But Is it Christian Art?
Have you seen the rock hard pecks on Samson in page 51 of Geez, issue 9, Art in the Age of Brutality? They could cut through glass! Instead, they cut through the mere sentimentalism often portrayed by popular Christian artistry. You know what I’m referring to. The comfortable white wash image of a Savior holding a little white lamb or child, or the perfect smiling pastor with his perfect smiling wife, inviting you to come to their perfect smiling church, ok, perhaps that last part didn’t come out right.
What makes art “Christian” or not might be as tough to answer as what makes a Christian a Christian and so I sit here, in a coffee shop, staggered by the thought of it. Looking around I can see a plethora of thought provoking wall paintings, not to mention, the open concept layout of the shop itself. Perhaps the question is unimportant. A bit redundant? If so, then surely we are people to be most pitied, surrounded by a meaningless myriad of imagery, sounds and sensations. We are, after all, living in a world that contains so much subjective beauty and ugliness’, the great horror it seems only natural, is that we find today’s artist existing in a space of postmodern wonderment where nothing but mere opinion separates good from bad, sacred from profane, lousy from magnificent. Somewhere, between the popular brash brutalism and the aforementioned well-meaning sentimentalism, the person of faith, Christian or not, must find a way to express both the meaning and purpose of their God for this world.
A photo essay by Caroline Wintoniw in the most recent issue of Geez 42, Summer 2016, Reading to Transgress out soon, displays a range of humans posing in front of projected images from their own childhood. There is one question being asked throughout: How has your view of life, neighbour, world or God changed since you were a kid? The answers are interesting, to be sure, but it’s the power of individuality, the contrasting voices and the overall difference in one human to the next that stood out to me as important. There are some things only art can show us.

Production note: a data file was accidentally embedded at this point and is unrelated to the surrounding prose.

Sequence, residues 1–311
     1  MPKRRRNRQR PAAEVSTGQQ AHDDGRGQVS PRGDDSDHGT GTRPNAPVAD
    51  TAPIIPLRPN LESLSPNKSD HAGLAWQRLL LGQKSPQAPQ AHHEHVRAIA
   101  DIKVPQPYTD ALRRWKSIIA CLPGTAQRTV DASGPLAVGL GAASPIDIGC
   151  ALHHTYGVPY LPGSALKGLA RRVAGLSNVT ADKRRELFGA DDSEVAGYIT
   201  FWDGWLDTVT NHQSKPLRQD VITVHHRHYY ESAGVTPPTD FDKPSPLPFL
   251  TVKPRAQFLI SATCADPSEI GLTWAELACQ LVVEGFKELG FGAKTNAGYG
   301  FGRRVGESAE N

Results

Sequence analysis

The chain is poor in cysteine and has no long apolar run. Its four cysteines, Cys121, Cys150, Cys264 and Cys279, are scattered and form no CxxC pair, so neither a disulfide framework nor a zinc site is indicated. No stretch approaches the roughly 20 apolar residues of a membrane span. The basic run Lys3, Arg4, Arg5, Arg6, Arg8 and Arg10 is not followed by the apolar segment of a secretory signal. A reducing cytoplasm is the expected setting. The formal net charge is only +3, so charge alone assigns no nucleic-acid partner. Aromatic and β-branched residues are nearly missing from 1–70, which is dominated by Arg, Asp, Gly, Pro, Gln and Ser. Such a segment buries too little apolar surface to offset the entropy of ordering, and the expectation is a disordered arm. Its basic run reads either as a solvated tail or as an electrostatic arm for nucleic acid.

It is the role of the arts within any community to engage and offer up the challenging questions, often, towards its own systems. Christian’s should not only be participants, but also, front runners, perhaps leading the way. If it is true that God created humans then this means that what we find in postmodern art, in music, paintings and films, are expressions of a God who has called them very good. I guess “Christian” art, if such a thing exists, ought to be just that.
Owen Perkins is an editorial assistant at Geez.